One-thousand pesos a week.
For a job at a food stall in Mercado Imperial. I’ve never heard of this market and don’t know where it is. For sure it involves standing on my feet all day attending mean customers, which sounds so horrible.
When I arrived home a minute ago, Amá—my mamá—spew out the bad news and went to the kitchen. I froze in the living room.
Now, I smooth my dress and approach her. “Wh-why—” I clear my throat. “Why did you get me another job, Amá? I love the one I have.” The words float out of my mouth, like begging. I’m not.
Amá turns from the sink, wiping her hands on her apron. “Mil pesos will help pay the rent, Minerva.”
“Ay, Amá.” I brush hair from my eyes. “What about my current job at the laundry shop?”
“¿La lavandería?” She scoffs. “It only paid five hundred pesos a week.”
Paid, as if it were a thing of the past. But now that I ponder on it, maybe she quit on my behalf. “But this job’s around the corner,” I press on, unable to contain myself. “They let me do my homework while waiting for customers.”
She brings a finger to her lips. “You sisters are sleeping.”
“Sorry.” With all of this, I forgot it’s after ten p.m.
“I’ve already talked to the lavandería owner.” She wipes her hands on her apron. “You start your new job tomorrow.”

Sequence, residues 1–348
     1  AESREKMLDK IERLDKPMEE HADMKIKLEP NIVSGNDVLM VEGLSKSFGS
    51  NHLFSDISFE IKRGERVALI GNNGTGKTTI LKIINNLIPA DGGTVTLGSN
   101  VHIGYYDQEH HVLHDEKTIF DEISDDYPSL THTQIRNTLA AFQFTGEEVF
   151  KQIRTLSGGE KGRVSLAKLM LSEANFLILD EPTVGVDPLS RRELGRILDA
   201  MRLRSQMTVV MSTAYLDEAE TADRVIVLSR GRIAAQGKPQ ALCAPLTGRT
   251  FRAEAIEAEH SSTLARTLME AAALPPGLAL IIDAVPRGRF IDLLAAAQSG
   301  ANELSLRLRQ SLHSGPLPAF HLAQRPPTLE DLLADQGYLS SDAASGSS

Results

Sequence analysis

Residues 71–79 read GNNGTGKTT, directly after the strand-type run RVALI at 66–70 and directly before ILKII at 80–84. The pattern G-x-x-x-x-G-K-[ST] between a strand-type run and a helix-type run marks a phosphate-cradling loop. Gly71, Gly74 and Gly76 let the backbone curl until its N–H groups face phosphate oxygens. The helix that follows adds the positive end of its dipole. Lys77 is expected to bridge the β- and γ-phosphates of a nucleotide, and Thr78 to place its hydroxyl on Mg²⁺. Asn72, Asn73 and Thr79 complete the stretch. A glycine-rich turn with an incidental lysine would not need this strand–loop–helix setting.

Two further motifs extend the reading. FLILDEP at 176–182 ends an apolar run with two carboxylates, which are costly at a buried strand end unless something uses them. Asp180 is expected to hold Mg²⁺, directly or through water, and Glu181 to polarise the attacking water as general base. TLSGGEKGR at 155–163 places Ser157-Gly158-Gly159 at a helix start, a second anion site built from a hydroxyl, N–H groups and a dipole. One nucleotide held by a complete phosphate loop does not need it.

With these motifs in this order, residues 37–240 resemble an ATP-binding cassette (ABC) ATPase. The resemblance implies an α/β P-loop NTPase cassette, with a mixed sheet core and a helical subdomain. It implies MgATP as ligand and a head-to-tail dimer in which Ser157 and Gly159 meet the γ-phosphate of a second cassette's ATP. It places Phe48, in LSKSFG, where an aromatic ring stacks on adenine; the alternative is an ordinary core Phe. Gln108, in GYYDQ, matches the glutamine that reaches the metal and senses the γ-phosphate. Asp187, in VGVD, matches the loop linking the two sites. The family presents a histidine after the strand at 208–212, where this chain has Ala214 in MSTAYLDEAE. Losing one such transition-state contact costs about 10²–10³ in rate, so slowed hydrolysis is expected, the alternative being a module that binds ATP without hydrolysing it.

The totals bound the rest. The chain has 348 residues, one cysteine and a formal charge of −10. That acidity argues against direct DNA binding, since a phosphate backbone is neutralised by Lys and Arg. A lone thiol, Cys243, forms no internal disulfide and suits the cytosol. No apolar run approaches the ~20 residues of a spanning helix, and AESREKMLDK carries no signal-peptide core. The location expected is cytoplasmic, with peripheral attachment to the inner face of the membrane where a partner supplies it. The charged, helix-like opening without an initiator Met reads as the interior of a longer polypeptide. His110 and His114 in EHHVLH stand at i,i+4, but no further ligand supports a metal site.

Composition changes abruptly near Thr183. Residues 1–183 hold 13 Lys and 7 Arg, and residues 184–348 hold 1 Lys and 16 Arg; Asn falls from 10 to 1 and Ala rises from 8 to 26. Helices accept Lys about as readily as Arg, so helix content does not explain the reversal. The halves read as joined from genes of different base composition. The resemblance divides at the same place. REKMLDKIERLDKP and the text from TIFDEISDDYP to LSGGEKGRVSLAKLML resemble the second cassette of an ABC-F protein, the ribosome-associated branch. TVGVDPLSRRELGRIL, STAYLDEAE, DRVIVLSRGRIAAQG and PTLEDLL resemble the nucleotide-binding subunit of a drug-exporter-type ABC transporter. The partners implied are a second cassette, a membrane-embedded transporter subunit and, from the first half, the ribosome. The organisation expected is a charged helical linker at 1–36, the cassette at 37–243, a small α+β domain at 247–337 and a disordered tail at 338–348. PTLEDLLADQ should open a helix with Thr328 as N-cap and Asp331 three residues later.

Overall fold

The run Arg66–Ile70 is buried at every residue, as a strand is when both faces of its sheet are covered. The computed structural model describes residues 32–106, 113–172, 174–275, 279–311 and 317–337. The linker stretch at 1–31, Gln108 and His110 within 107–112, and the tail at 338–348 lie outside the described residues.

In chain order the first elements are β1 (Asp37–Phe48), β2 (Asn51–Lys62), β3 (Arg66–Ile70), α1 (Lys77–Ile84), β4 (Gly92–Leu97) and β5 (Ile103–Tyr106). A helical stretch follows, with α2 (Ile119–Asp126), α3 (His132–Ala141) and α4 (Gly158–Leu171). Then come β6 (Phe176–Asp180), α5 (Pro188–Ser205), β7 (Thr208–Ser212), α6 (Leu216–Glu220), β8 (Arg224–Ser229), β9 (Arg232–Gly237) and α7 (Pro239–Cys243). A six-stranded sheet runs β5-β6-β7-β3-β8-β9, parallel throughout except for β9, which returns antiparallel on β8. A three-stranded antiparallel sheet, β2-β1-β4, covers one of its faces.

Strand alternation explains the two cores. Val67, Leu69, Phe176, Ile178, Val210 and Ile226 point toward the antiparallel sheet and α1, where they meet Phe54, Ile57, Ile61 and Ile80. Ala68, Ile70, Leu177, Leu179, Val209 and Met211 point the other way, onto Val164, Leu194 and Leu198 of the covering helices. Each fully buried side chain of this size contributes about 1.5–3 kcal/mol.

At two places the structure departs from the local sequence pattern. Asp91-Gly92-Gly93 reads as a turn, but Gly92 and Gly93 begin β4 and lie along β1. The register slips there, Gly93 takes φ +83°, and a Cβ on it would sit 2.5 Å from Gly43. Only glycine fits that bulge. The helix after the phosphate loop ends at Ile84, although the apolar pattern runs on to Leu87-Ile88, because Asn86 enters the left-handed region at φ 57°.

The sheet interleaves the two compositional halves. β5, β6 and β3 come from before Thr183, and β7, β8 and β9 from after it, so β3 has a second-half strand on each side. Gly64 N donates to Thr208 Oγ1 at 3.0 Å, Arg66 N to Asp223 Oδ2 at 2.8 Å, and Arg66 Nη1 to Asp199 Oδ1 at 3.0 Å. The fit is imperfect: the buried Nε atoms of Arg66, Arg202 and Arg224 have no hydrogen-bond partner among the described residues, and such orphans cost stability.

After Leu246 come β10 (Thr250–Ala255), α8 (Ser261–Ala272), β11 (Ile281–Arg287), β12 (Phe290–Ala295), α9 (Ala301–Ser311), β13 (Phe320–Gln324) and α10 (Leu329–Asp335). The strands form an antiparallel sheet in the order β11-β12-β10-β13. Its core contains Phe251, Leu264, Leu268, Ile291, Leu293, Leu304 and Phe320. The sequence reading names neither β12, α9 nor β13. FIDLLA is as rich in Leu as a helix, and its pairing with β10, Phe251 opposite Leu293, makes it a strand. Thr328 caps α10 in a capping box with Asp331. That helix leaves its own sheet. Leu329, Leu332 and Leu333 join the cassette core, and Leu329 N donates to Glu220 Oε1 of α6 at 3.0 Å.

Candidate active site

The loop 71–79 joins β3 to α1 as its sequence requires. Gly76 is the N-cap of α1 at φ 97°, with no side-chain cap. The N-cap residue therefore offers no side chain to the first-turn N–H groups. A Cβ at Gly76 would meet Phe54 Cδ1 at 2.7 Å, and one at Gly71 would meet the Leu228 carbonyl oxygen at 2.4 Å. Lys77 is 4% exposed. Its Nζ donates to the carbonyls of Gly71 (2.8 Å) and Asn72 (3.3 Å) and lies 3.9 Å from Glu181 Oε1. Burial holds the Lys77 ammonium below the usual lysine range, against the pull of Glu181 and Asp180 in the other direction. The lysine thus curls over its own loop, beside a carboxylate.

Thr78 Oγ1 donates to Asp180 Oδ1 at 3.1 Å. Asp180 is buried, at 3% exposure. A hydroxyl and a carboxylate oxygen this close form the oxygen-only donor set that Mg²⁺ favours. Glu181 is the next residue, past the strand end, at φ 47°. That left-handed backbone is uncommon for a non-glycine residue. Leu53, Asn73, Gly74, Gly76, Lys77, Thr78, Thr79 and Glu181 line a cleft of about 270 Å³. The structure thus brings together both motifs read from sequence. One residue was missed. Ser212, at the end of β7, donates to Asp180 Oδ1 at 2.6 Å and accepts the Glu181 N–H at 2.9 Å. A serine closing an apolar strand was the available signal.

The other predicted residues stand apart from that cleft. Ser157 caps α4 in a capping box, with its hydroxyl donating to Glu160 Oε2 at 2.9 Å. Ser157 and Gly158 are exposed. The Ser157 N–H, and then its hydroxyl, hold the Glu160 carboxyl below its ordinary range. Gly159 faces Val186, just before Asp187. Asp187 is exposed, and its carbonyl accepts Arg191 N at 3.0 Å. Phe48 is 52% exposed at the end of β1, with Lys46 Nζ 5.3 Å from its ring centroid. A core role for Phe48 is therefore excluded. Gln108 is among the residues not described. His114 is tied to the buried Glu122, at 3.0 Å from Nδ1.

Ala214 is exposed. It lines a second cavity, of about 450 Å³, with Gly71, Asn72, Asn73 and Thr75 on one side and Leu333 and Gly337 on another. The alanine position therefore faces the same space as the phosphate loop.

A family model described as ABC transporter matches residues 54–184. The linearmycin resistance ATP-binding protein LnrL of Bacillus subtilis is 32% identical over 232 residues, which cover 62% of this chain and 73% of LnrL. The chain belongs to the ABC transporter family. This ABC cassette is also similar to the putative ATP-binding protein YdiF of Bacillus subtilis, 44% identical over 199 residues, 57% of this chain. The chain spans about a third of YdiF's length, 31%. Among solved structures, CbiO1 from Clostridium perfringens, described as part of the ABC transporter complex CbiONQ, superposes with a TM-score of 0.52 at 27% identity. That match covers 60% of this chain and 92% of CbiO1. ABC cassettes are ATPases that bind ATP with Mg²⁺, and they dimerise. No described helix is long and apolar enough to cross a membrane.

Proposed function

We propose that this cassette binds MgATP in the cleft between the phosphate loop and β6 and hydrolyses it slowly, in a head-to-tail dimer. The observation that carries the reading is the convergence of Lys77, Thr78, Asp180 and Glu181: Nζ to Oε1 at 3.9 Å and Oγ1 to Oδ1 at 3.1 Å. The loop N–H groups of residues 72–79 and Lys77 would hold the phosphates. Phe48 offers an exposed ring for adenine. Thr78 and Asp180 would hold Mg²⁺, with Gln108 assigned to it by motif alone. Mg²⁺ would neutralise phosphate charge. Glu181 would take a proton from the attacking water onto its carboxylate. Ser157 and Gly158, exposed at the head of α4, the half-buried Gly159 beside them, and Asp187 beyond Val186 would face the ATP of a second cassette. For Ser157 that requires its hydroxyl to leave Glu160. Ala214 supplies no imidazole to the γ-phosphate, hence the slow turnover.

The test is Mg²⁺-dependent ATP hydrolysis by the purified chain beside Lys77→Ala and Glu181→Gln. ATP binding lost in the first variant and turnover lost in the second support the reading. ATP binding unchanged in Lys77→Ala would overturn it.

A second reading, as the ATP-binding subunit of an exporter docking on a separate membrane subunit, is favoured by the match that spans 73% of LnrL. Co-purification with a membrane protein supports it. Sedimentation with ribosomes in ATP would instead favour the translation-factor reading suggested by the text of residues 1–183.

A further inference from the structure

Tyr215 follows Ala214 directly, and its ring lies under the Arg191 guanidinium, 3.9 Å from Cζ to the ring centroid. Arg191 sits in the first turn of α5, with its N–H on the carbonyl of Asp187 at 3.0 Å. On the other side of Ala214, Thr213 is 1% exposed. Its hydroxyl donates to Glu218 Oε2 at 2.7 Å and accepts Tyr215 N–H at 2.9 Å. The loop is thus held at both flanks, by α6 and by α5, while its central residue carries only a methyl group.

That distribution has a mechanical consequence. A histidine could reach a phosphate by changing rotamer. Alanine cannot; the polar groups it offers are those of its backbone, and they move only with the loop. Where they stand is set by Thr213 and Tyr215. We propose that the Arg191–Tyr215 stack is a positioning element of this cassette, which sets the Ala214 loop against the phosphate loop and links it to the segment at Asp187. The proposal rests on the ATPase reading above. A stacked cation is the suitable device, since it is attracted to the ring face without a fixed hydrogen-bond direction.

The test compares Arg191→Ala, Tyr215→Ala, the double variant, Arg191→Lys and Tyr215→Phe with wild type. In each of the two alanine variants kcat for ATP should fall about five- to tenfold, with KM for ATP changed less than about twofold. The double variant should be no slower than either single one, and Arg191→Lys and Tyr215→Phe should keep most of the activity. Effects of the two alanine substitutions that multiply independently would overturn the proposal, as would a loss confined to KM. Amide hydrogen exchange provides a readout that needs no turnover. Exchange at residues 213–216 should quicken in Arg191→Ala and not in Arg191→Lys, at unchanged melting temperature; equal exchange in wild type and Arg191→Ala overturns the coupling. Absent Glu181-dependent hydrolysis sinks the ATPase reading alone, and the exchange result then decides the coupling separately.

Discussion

“That fast?” I ask, mostly to myself. “You didn’t let me say goodbye to my boss and co-workers.”
She shakes her head. “You can do that later.”
“But Amá!” I snap as my heart explodes in anger.
She slumps her shoulders. “I know, Minerva.”
I want to shout that she should’ve ask me first. Instead, I blurt, “Know what?”
“I know how you feel.” Amá peers at the bedroom in the back. “Do it for them.”
The twins—my little sisters. They … they’re a reminder of our precarious situation. Rent’s already a month behind, and then there’s food and other things. I wait for my heartbeat to normalize. Thump, thump, thump. Thump. Thump. There. “How far is Mercado Imperial?”
Amá shrugs. “Only diez kilómetros.”
Ten kilometers. “It’s too far away.”
She frowns. “Do you know how hard it was to get you this job?”
I curl my fingers into fists and don’t reply—don’t want to say something hurtful.
“Most teens can’t get a job at all.” She crosses her arms. “I asked a lot of people until I found Doña Caro.”
Amá’s doing this for us, as a family. She doesn’t deserve my anger. I uncurl my hands and relax my shoulders. “Doña Caro?”
“The food stall’s owner.” My mamá turns to the sink and opens the tap, as if done with the conversation.
Perhaps the new job will allow us to move to a bigger house in a better neighborhood, not that this subdivision is super horrible, but well, we don’t even have paved streets, sidewalks, or anything.